In computer science, a **suffix tree** (also called **PAT tree** or, in an earlier form, **position tree**) is a data structure that presents the suffixes of a given string in a way that allows for a particularly fast implementation of many important string operations.

The suffix tree for a string is a tree whose edges are labeled with strings, such that each suffix of corresponds to exactly one path from the tree's root to a leaf. It is thus a radix tree (more specifically, a Patricia tree) for the suffixes of .

Constructing such a tree for the string takes time and space linear in the length of . Once constructed, several operations can be performed quickly, for instance locating a substring in, locating a substring if a certain number of mistakes are allowed, locating matches for a regular expression pattern etc. Suffix trees also provided one of the first linear-time solutions for the longest common substring problem. These speedups come at a cost: storing a string's suffix tree typically requires significantly more space than storing the string itself.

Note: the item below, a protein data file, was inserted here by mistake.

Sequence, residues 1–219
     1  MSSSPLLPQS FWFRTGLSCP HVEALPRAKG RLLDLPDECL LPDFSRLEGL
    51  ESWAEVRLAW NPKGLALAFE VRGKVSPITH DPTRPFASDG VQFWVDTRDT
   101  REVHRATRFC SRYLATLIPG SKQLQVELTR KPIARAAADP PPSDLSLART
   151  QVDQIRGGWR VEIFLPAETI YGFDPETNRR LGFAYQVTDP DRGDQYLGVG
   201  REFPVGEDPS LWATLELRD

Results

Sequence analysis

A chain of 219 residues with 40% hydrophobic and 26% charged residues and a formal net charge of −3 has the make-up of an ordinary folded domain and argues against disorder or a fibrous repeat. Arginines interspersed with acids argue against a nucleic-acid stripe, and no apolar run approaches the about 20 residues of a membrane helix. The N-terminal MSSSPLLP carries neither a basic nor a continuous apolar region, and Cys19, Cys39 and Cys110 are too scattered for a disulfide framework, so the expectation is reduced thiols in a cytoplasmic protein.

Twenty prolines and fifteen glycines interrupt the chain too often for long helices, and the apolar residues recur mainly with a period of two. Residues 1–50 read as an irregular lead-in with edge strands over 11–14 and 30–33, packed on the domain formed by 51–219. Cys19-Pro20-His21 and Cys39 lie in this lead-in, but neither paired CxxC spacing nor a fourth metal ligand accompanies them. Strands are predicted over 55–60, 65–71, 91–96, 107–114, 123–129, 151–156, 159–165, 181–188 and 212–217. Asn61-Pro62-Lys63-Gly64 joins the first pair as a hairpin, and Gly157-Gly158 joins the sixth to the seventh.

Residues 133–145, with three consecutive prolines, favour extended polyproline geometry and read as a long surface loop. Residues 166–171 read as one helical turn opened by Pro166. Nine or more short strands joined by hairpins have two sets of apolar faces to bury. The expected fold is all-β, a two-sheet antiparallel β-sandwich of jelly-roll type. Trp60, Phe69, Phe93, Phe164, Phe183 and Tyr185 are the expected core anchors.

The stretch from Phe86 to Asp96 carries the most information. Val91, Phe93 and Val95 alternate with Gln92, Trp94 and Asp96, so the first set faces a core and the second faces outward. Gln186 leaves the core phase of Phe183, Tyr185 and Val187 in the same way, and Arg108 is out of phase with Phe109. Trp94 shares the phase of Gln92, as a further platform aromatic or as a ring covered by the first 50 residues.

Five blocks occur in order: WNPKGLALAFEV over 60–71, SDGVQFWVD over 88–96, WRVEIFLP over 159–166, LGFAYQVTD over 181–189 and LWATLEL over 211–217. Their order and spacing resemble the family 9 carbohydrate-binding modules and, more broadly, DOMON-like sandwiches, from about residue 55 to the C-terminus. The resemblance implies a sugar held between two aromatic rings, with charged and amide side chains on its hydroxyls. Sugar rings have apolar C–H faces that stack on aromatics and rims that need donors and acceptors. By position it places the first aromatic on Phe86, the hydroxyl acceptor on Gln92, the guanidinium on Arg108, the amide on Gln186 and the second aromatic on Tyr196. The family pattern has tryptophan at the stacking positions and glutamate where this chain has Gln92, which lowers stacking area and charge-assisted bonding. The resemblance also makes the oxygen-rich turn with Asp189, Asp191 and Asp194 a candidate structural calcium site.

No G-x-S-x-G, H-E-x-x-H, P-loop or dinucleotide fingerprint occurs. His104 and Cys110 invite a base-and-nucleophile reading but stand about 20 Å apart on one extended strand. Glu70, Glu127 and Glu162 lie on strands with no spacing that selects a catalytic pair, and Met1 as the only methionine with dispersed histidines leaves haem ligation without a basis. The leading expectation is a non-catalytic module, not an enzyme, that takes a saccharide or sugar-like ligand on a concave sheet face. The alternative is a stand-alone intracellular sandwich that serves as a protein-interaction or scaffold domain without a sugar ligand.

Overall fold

Read more about Suffix Tree: History, Definition, Generalized Suffix Tree, Functionality, Applications, Implementation, External Construction

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“The Anglo-American can indeed cut down, and grub up all this waving forest, and make a stump speech, and vote for Buchanan on its ruins, but he cannot converse with the spirit of the *tree* he fells, he cannot read the poetry and mythology which retire as he advances. He ignorantly erases mythological tablets in order to print his handbills and town-meeting warrants on them.”

—Henry David Thoreau (1817–1862)